Watching her come into her own power is amazing and fantastic and humbled me greatly.  She’s given up everything in order to give others more.  She knows if she continues to work and work and work and make people from her country and from other countries listen, she will make Afghanistan stronger.  She loves her country.  She loves her countrymen.  She loves who she is and what she can do.

It’s beautiful.

I  hate that I’m waiting to hear a news story that she’s been killed.

She has been attacked several times and knows that her convoys are being monitored.  She travels throughout her country to speak with different members of different villages.  She is shocked into tears many times when elders greet her as her father’s daughter and respect her because they loved him.

Each chapter of the book starts out with a letter to her two daughters, Shuhra and Shaharzad.  She talks to them briefly about her history, their country’s history, and why she must dedicate her life to the people.  She often speaks candidly about the fact that people want her dead.  She acknowledges that she feels like she is abandoning them when she travels.  She lets them know how proud of them she is and how her mother would have loved them so much.  It’s inspiring and sad and makes me realize that I really don’t have any idea what’s happening in our world.

Again, I really liked how she tells her story through Afghanistan’s story.  She simply cannot separate the two because she is the child of her country and this connection has brought her through the terrifying times and pushed her through the ranks of Parliament.  There is much corruption in Afghanistan (and really, anywhere there are politicians) and she seeks to end it.  The largest part of her platform is women’s rights.  She is a threat to many in the country and this just makes her stronger.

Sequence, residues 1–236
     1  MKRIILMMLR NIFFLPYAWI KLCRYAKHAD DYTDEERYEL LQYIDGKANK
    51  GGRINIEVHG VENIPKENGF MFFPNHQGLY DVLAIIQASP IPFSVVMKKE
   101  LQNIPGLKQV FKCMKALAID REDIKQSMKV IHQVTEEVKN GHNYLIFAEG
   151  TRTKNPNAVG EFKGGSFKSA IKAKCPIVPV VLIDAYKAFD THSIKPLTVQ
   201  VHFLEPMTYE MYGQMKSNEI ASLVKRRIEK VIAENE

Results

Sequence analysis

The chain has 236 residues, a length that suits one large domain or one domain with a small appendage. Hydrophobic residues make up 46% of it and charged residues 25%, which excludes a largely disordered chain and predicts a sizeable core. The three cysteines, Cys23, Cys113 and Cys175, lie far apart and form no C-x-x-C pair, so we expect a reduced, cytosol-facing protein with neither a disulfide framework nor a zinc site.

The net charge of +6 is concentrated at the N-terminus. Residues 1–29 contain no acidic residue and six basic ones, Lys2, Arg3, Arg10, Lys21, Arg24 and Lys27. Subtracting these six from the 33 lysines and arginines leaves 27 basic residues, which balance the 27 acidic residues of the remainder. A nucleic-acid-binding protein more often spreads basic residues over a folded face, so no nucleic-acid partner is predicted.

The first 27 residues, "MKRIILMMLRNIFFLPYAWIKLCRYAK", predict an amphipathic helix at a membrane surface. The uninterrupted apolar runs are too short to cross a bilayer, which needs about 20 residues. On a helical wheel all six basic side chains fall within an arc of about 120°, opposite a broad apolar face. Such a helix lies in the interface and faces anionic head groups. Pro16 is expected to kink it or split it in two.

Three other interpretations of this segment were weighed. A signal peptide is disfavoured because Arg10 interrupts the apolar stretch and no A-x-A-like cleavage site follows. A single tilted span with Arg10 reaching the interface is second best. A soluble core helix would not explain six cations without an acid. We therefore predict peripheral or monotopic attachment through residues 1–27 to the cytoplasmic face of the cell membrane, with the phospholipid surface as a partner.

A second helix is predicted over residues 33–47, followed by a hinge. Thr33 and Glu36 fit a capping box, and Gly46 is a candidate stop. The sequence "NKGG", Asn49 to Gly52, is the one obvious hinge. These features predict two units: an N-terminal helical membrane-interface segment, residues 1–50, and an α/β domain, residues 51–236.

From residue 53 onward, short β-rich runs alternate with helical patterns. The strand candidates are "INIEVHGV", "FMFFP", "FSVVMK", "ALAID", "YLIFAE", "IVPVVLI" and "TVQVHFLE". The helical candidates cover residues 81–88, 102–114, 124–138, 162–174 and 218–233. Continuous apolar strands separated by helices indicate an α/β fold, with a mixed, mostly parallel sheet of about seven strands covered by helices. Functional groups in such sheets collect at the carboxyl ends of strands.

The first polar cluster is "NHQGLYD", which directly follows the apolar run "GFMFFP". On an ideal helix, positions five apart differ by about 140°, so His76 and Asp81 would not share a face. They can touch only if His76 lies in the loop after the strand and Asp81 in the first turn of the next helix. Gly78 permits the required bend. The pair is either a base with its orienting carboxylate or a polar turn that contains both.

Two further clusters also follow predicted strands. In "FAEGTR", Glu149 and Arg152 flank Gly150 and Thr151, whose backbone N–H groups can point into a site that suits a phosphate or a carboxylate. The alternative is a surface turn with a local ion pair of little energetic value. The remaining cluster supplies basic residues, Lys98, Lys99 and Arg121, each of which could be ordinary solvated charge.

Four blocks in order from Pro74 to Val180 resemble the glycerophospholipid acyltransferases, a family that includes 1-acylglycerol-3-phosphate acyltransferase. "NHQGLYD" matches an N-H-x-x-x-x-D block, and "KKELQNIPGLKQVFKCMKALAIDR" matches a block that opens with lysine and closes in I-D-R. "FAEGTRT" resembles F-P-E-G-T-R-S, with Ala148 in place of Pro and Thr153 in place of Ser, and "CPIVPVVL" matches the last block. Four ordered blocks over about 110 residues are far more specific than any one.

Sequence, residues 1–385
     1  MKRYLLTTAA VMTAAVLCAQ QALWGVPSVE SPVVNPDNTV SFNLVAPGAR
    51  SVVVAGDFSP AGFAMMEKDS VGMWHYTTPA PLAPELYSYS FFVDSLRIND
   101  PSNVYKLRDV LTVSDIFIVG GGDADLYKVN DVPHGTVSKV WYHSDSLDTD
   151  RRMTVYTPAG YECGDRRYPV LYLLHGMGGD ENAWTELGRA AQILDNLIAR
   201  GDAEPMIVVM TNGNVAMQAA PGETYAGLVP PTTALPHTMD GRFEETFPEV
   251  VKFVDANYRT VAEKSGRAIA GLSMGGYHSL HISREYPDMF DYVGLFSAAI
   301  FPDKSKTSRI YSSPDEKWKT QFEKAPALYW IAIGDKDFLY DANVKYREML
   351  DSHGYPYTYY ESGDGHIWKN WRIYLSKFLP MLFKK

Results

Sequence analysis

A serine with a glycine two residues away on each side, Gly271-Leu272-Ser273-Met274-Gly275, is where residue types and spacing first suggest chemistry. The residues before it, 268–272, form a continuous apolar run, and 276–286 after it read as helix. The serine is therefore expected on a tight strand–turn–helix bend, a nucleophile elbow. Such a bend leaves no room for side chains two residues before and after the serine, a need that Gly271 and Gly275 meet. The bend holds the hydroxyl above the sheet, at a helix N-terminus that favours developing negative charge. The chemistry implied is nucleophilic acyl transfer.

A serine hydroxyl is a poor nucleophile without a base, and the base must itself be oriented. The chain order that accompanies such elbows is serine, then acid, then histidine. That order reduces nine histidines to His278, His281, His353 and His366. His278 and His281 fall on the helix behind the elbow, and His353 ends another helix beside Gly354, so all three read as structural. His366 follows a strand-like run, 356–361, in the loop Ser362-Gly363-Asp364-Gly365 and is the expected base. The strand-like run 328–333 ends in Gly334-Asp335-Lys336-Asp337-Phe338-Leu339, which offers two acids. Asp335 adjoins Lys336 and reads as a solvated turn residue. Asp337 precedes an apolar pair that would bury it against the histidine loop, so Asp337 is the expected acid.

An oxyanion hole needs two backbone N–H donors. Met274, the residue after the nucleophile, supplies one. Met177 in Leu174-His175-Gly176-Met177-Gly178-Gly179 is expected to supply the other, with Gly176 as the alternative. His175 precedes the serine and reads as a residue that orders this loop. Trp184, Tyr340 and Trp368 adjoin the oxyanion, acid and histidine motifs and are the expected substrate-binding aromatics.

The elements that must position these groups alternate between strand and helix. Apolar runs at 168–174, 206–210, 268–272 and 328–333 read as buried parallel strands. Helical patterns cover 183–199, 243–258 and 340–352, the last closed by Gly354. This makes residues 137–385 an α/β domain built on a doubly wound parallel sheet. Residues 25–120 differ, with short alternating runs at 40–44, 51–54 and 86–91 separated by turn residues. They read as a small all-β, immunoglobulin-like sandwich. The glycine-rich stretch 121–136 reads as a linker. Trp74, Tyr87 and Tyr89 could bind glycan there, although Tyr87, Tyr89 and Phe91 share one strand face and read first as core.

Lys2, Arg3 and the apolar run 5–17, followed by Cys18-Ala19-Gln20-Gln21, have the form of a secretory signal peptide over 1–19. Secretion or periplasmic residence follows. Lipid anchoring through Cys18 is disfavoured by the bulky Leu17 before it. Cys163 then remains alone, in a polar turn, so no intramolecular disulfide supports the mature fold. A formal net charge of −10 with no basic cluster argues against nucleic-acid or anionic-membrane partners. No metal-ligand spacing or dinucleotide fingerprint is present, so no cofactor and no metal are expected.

If you know little to nothing about Afghanistan (that would be me!) then this is a great book because it explains things without being too overwhelming.  I’m not much interested in further reading, but I bet many people have gone on to read more about the country.  If you know a lot about Afghanistan, then I think this book will still be good for you because you get to follow one person and see the changes from a first hand view.

This was a good read.  It wasn’t a quick one, but it was fascinating and inspiring and I look forward to seeing what else she will do with her life.  I hope that it will be a long life.

Welcome, Sperm Enthusiasts!

Apparently when I talk about magic sperm and erotic rage, people relate.


And gentlemen.

My Sleeping Beauty Trilogy review has brought in several new followers and I welcome all of you to the musings of my mind when it comes to books.

I read a lot of different things, so hopefully you’ll find more reviews you like.  And if you’re only interested in my rants about sexy times, let me know and suggest some books.  I’m happy to meet the needs of those  confused and intrigued by all things sticky.

Note: I will not read the Shade of Grey series.  However, if you’d like to read an absolutely amazing breakdown of the shitty writing and plot, as well as how much it follows abusive relationship patterns, please head over to Jen Reads 50 Shades of Grey.  She is brilliant and funny and writes good erotica.  Her reviews are hilarious and intelligent.


If you go home with somebody, and they don’t have books, don’t fuck ‘em!

John Waters

Fantasy and SciFi: Whoops

fantasy v scifi

I don’t know why I did it this way, but for some reason I fell into the Fantasy-SciFi tag and bookshelf.

I think it’s because they’re usually grouped together in the bookstore, but looking at my books, I read a lot more fantasy than scifi.  I think I need to make two separate tags/bookshelves and look at all my reviews to fix them.

I have noticed that some bookstore are giving them each their own section, so that’s good.

Anyone want to tackle my GoodReads shelf?

Also, go to FLOWCHART: Navigating NPR’s Top 100 Science Fiction and Fantasy Books.  It’s now interactive!